Further to Morgan's earlier comment about productive vs. reproductive fields of study — among computer scientists, HCI is often treated as a lesser subdiscipline of CS because it's too touchy-feely. I bet if you took a survey of CS students, HCI would be labelled the most feminine of all the subdisciplines. Yet, as far as i know, the most famous and outspoken HCI practioners are almost all men.
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Fata Morgana
chimerically
2004-03-07 00:29 (UTC)
(no subject)
HCI gurus are to HCI what master chefs are to cooking. :~) I sometimes wonder at my disinterest in other areas of computer science. Is it because I'm female? What does that mean, anyway? It's funny that while I ended up in a traditionally female-light field, I'm interested in the most female-heavy end of it.
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Olego
olego
2004-03-07 00:04 (UTC)
(no subject)
This sounds like a car I'd love to bang with a wooden baseball bat, in front of the designers. If that car doesn't promote the stereotype, then I don't know what does.

Firstly, how are cars designed for men? They are designed for transportation: they have seats and they have storage. Of course, seats that fold are nice; there are dosens of models on the market that do that. Next, seat covers: it's a good idea to make covers that are washable; but advertising it as something of which all women have been deprived, isn't. And lastly, what a dumb idea it is to SEAL the hood? Do "women" suffer from knowing that it's possible to open it? Is it such a bad idea that you can't check oil (most cars make it pretty simple to see where to pour that), window washer (that's a piece of cake), coolant (just wait 'til it's cool and open)? Or what, if you're male then that's a piece of cake, but if you're a female then you shouldn't have to worry about those things? And what if you have a family, should that be your personal car, even though it'll annoy everyone else?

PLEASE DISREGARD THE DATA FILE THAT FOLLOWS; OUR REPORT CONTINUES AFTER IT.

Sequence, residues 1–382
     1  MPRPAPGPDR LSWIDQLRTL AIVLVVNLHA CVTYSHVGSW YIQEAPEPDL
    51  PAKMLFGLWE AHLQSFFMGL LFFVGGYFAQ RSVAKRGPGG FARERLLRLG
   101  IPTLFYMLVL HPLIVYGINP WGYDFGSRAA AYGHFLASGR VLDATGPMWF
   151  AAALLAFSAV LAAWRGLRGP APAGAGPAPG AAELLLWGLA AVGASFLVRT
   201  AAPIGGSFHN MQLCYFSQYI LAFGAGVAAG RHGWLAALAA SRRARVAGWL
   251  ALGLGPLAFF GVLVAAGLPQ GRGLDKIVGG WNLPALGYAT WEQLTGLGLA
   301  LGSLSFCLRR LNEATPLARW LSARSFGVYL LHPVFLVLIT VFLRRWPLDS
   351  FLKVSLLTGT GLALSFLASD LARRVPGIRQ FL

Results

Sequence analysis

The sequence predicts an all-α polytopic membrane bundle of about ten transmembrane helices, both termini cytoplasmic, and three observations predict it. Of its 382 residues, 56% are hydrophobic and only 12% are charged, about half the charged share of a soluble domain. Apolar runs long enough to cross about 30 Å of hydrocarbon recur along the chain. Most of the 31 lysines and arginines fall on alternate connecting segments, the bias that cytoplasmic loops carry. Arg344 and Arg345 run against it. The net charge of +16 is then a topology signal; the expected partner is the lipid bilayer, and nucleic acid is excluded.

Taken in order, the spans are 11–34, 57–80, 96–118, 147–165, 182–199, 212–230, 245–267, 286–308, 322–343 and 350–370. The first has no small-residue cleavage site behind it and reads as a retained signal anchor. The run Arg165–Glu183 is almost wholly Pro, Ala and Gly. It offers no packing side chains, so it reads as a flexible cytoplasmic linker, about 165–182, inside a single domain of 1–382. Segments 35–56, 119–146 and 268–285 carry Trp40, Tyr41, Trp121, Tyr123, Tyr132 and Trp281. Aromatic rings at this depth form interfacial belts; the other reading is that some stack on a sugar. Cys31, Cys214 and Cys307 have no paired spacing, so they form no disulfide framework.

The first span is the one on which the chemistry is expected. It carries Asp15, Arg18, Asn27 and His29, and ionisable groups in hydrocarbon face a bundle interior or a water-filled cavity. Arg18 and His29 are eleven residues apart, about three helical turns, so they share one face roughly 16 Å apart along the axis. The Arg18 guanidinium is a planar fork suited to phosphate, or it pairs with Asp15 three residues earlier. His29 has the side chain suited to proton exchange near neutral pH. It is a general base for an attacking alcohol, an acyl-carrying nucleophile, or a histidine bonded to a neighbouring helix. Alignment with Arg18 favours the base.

Yea, I really dislike it. :-)
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fanlain
fanlain
2004-03-07 08:30 (UTC)
well...
like, there's stuff under the hood?!

i think we should progress toward redesigning lipstick to fit a man's needs.

:OP
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fanlain
fanlain
2004-03-07 08:26 (UTC)
just drug out womanhood..
"If the car says nothing, then everything is fine," said Ms Temm optimistically.

i would personally advocate giving this woman a yearly supply of downers to control her optimism...
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shallwedance_
shallwedance_
2004-03-07 12:26 (UTC)
(no subject)
Oh... my...

Skipping lightly over incredible insult this is to womankind (Did female engineers design this thing? If so, I'm aghast for my profession.) which has been well covered, I will share a little anecdote: My calculus teacher had a friend (yes, it's one of those friend-of-a-friend stories) who was a bit of a mechanic. This was back in the day in the 1930s, by the way. One day he was driving along the road when he heard a loud noise from underneath. He stopped and took a peek. A hole the size of a fist had been knocked into his oil reservoir. So, he did the only thing he could: he took off his pants, stuffed them in the hole, refilled the oil, and drove home.

Cars nowadays are already getting pretty complex. I shudder to think what will happen when they become more electrical than mechanical. Right now, you can open a book and figure out what each bit does. When you have to take an electrical probe to ferret out where the trouble is... I am not CS or a circuits guy; debugging my car is not my idea of a relaxing afternoon. Making maintenance easier (which should include not sealing the hood), however, does seem like a good way to go. I would really like to be able to check my fluids in one glance, check my brake pads without taking off the wheels, have reminders for when to change rotate the tires, change the oil, etc.

< cynicism > However, it's not really in the industry's best interest to make easy-maintenance cars, is it? They must make a packet from their dealership repair shops, seeing what they charge for parts and labor. < /cynicism >
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nikita
hukuma
2004-03-07 23:28 (UTC)
(no subject)
The decision to make the car 'closed' is controversial under the best of circumstances, but saying that this is a feature "for women, by women" really takes the cake.